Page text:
A balcony that closes inwards during certain times of the year, like a sunroom of sorts where one could grow vegetables, is an idea Xuereb visualizes. “Imagine, you could open them to the outside and close them in the winter time, so you have this buffer space.”
The fresh air a balcony provides, also a key factor of wellbeing, is accessible through green roofs and community gardening, which will add to the social aspect at Tridel’s MRKT Alexandra Park, Aqualina, and Evermore at West Village in Toronto. DelZotto said these spaces should remain flexible for programming. “If we have outdoor amenity space that’s only really usable in the summer, find ways to make it adaptable through four seasons,” she suggested.
Just as universities harvest produce from their rooftop gardens to supplement food for other parts of the campus, so can multi-res buildings, as Xuereb imagines. Adding fruit trees is one way to integrate food into a community.
Transforming Underutilized Spaces
Looking at revitalizing areas that often go unrecognized, Xuereb envisions distributing amenity space on every floor within the building, spread throughout corridors to make them usable, with little niches of space to spend time in. “Our hallways and elevators are really just treated like super highways,” she noted. “We really need to start thinking about those spaces in between so we can think about community building as a part of it.”
Those in-between spaces extend to stairways, swapping concrete and steel handrails for colour and natural light—perhaps even music—as a way to connect people and encourage physical activity.
New additions to common areas, as DelZotto imagines, include Zoom rooms for people working remotely, retreat spaces for mental health and personal mobility in the form of e-bike sharing programs.
“The days of putting in amenities and a property manager are long gone; you need to program these spaces,” she said. “These benign spaces are really underutilized and we have this amazing community. How do we let them benefit from it? How do we connect the people in it?”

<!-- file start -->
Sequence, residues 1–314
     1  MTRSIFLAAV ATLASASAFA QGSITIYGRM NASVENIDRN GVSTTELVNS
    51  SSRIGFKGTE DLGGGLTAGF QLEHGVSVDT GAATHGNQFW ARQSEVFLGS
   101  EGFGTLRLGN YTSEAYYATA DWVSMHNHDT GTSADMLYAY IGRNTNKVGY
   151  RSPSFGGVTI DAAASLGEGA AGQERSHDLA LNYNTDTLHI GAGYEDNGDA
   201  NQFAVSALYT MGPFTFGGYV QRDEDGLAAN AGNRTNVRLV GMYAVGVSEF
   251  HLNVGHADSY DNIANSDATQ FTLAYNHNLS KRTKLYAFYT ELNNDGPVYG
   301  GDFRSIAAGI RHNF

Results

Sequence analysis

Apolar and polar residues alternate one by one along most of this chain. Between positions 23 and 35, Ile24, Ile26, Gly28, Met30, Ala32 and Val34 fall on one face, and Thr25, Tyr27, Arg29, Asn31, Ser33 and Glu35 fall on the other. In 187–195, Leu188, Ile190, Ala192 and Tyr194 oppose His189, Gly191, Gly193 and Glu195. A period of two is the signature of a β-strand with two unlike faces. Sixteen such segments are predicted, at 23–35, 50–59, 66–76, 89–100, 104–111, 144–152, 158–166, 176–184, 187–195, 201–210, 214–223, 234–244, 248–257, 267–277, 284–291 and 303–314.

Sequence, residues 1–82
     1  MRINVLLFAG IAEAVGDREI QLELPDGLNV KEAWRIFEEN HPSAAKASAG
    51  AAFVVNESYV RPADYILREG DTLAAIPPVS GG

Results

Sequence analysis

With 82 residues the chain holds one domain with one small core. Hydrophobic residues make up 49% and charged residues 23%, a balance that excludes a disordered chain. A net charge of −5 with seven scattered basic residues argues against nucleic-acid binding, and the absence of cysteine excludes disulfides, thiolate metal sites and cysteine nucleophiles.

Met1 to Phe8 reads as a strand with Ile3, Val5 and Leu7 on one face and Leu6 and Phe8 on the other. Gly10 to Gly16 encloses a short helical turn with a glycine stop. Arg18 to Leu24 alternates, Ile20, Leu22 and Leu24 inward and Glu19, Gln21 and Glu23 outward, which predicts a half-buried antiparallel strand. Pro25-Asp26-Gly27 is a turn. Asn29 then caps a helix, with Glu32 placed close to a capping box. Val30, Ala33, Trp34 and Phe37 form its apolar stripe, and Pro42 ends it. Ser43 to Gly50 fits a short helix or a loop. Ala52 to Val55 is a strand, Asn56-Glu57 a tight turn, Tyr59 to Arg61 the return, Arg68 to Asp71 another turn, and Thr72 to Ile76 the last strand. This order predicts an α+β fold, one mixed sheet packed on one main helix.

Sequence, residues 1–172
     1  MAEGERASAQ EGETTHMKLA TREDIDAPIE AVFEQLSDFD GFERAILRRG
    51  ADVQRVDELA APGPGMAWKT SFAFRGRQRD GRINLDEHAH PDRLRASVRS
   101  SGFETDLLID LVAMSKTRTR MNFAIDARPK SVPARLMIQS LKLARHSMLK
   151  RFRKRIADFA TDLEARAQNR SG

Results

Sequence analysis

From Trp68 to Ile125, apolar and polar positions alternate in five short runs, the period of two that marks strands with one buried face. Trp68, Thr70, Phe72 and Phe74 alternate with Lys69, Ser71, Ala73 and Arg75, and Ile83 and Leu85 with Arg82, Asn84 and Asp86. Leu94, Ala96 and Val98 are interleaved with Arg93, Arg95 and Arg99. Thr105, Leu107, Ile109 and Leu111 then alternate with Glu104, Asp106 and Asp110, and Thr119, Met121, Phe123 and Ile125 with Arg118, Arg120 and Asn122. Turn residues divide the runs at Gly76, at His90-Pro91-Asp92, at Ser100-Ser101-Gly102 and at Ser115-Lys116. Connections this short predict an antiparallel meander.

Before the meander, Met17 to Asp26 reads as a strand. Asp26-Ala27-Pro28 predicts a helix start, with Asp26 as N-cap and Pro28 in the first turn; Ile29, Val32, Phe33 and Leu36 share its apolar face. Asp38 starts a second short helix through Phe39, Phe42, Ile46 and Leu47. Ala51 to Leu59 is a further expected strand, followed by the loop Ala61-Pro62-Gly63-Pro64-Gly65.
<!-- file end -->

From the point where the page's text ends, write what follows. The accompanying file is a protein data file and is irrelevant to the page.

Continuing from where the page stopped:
Referring to MLS systems, engagement in a building might one day become criteria similar to WiredScore or a Walk Score.
“It’s important to a lot of people and lifesaving in some circumstances,” she added. “The more urban and dense we live, the more isolated we are—ironically. That is something important that we solve for and that we really try to put a measurement around.”
Fitwel for Condos
“Where you live has a direct and measurable impact on all aspects of health: your physical health, mental health and social cohesion, trust with neighbours, for instance,” said Joanna Frank, president and CEO of the Centre for Active Design.
As an advocate of Fitwel certification, she discussed how to shape residential living to prioritize health, much like a company would do with its corporate interiors to amplify workplace wellness.
Fitwel came onto the scene in 2017 as a way to measure the physical, emotional and mental well-being of employees through targeted improvements to design and operational policies. Much of the same can apply to a condo. It promotes strategies shown to have the greatest impact on health, which can be woven through an existing building or during construction. Two years ago, a new version of Fitwel was launched for multifamily residential.
Some design elements include outdoor access, enhanced indoor air quality, on-site health promotion programming, soliciting feedback from residents to integrate into management practices and adding and maintaining greenery. For example, higher levels of neighbourhood green spaces are associated with lower rates of depression, anxiety and stress. How well they’re maintained is a crucial indicator whether someone is going to trust you or not, noted Frank. Greenery on a property that is well maintained will increase levels of trust by eight per cent. Poor maintenance lowers levels by -11 per cent.
There are also specific strategies to help residents optimize their space for sleep. Thermal control, air quality, acoustic comfort and managing exposure to outdoor light are a few. Encouraging the use of daylight for work-from-home spaces and established cleaning schedules are also key.
“It is very important that cleaning staff are visible and are also prepared and understand the underlying strategies you’re using to protect residents,” she said. “It will not only mitigate viral transmission but build trust and solidify that relationship between you and your tenants. If property management has enhanced cleaning practices and implemented efforts to improve air quality, but no one knows about it, the potential mental health impacts are being lost.”